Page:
BROSSARD - You might have noticed Charles Hudon's ritual every time he scores a goal: the young forward celebrates by making a sign of the cross before pointing up to the sky. The gesture has a special meaning for No. 54, in tribute of a friend taken too soon who will always be a part of him.
Nicholas Antonelli and Hudon were childhood friends who were inseparable. They lived a few streets over from each other as kids and were minor hockey teammates.
The two boys skated together in Atom and Novice. Then, Hudon's hockey journey took him to the Chicoutimi Saguenéens, while Antonelli chose to move to the pitch to focus on soccer.
"He was a goalie - he was our best goalie, actually," remembered Hudon, who still gets overcome with emotion when talking about his friend. "We won several tournaments together."
On a fateful Saturday night in August 2011, after a party at a friend's house, Nicholas decided to walk home instead of driving or getting in a car with someone who had been drinking.
"He was hit by one of his brother's friends after the party. That friend had decided to drive when he wasn't in a state to do so. Nick made a choice because he wanted to be careful and he's the one who got hit. We were both 17 years old," recounted Hudon, who is now 23. "It's been a little while, but it's still difficult to talk about, to think that he made the right decision and it backfired on him. It's tough."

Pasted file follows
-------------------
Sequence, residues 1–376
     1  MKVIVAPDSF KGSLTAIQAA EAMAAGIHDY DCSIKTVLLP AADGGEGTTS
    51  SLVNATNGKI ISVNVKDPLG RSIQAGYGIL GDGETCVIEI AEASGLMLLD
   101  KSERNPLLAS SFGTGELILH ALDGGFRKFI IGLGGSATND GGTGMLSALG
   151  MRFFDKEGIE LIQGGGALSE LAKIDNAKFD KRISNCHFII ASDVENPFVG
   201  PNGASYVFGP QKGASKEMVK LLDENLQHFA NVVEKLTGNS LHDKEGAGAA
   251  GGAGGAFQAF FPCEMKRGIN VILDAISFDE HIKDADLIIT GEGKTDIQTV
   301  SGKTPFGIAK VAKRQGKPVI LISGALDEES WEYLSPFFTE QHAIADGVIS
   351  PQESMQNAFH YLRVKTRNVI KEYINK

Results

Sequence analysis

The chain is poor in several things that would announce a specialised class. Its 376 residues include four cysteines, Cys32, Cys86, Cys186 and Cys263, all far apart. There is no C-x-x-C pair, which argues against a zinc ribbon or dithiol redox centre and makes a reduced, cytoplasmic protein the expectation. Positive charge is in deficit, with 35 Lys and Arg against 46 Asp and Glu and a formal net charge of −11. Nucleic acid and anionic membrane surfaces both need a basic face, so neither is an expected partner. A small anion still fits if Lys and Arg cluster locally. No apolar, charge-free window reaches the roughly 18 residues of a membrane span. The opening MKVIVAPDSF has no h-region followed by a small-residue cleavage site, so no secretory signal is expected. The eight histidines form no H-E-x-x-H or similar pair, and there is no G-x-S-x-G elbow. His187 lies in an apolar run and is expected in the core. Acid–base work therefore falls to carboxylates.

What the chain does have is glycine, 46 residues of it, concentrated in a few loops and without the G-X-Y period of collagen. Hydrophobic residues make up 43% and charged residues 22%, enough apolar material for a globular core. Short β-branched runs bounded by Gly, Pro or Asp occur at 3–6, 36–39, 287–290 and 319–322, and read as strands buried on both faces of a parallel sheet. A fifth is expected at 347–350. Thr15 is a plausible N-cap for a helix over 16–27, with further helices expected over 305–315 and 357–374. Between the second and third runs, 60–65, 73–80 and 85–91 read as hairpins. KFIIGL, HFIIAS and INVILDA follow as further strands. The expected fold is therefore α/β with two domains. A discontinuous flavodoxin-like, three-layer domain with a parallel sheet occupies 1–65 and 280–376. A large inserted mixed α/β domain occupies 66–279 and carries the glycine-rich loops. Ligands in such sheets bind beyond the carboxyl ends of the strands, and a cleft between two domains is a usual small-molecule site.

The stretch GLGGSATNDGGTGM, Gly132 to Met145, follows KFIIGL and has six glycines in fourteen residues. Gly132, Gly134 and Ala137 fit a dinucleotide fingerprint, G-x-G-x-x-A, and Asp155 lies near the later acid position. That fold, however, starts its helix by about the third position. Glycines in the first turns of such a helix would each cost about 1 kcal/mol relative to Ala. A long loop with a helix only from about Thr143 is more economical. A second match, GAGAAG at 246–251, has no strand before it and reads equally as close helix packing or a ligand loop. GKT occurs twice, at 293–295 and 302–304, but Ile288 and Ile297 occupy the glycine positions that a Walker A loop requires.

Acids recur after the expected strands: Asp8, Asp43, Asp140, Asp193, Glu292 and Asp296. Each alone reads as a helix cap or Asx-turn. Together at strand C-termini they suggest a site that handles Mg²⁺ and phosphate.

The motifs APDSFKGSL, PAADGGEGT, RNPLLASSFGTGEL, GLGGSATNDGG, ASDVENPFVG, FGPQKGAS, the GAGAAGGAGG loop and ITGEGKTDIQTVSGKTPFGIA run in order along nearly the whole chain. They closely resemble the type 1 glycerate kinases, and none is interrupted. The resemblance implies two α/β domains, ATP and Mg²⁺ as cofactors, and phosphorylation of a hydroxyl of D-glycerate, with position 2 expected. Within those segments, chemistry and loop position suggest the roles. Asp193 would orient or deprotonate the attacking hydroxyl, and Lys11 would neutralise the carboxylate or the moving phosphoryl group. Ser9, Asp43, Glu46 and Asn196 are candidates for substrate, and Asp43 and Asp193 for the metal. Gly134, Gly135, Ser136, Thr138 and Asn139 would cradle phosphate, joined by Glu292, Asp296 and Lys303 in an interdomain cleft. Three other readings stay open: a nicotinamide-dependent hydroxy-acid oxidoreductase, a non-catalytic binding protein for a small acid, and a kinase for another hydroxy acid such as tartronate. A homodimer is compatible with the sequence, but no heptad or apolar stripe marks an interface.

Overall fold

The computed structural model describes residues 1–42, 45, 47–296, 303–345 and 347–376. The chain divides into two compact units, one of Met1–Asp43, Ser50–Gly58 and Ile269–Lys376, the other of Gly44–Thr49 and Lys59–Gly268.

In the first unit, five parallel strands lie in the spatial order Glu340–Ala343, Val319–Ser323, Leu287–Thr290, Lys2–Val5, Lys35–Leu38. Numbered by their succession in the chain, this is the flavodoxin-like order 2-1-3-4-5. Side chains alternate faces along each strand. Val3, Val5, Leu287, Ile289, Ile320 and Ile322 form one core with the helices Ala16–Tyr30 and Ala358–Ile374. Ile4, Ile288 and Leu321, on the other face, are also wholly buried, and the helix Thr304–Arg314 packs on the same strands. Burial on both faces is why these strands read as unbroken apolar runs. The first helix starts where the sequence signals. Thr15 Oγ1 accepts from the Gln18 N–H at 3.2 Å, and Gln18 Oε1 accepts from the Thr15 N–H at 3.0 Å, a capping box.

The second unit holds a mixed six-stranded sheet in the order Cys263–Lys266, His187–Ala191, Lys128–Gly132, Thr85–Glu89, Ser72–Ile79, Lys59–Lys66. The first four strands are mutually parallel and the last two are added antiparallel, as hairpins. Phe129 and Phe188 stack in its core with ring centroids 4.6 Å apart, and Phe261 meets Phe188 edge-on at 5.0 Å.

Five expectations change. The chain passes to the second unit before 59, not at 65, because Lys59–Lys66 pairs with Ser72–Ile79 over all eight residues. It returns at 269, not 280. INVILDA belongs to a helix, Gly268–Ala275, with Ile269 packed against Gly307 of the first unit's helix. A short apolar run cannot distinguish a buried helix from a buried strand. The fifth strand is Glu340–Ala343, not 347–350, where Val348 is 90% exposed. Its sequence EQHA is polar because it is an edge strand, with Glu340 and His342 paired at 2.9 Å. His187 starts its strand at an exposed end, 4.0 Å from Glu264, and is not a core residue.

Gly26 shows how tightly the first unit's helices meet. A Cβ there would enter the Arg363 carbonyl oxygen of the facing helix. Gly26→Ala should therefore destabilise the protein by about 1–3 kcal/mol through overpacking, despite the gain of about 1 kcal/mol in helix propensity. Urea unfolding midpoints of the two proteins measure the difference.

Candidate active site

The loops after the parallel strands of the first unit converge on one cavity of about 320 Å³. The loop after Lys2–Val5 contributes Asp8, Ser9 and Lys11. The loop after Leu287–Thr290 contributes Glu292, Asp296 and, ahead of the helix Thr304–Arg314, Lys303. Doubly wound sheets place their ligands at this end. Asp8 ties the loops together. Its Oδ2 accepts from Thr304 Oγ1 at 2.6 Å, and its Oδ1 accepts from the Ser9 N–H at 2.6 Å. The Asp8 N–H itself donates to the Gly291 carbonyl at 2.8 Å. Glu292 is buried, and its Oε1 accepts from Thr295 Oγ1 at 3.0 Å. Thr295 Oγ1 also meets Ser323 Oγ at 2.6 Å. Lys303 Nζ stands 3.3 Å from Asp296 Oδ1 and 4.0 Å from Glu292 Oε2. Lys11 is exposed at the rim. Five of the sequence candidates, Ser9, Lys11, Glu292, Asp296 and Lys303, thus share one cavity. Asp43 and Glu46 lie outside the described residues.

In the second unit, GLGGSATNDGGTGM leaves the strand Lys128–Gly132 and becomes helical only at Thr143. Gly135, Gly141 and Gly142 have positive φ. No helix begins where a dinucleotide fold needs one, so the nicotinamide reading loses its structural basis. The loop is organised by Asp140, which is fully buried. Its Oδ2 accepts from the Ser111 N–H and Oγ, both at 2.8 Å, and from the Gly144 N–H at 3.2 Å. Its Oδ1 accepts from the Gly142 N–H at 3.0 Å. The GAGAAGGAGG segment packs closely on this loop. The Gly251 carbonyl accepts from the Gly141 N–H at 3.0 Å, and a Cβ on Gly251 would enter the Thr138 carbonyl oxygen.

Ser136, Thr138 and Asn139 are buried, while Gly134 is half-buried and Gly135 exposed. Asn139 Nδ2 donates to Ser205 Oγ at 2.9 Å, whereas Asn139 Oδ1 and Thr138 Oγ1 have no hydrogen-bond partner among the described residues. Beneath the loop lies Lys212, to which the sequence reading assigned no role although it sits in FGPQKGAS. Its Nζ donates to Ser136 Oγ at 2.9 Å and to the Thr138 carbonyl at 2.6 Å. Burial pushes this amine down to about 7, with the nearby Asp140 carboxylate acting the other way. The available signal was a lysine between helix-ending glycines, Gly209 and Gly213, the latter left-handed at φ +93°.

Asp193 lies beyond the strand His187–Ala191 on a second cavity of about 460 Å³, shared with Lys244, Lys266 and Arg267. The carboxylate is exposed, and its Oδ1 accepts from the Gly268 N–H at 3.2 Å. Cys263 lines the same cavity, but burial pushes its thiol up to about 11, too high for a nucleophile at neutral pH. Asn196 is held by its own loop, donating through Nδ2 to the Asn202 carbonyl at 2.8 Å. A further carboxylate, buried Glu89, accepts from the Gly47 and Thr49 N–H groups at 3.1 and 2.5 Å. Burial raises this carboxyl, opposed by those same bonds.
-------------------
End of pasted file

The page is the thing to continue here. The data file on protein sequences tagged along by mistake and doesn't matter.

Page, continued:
These days, Hudon is still close with his friend's mother and brother, Pietro, with whom he played hockey this summer.
"I know he's always with me and he always will be. I talk to him a lot," admitted Hudon. "When I'm at home alone, we talk."
The death of his friend has certainly made Hudon conscious of the importance of not drinking and driving. Hudon has become a self-admitted "safety sheriff" of sorts at parties, taking it upon himself to confiscate keys or arrange other modes of transportation for fellow revelers.
"Among my family and friends, everyone knows that they're not allowed to drink and drive. I don't mind being the nag or paying for the taxi, I don't care," asserted the young father. "Otherwise, they stay over. It's not a prison, obviously, but we'll try to get them to stay. We have plenty of mattresses, so it's easy for people to sleep over and make good choices."
Obviously, Hudon would've liked for his friend to be around to watch him as he battles for a spot in the NHL. Instead, he uses Nicholas' absence as a source of strength on the ice. It helps drives him every shift, and Hudon hopes he'll be glancing up and pointing in honor of his friend as often as possible this year, and throughout his hockey career.
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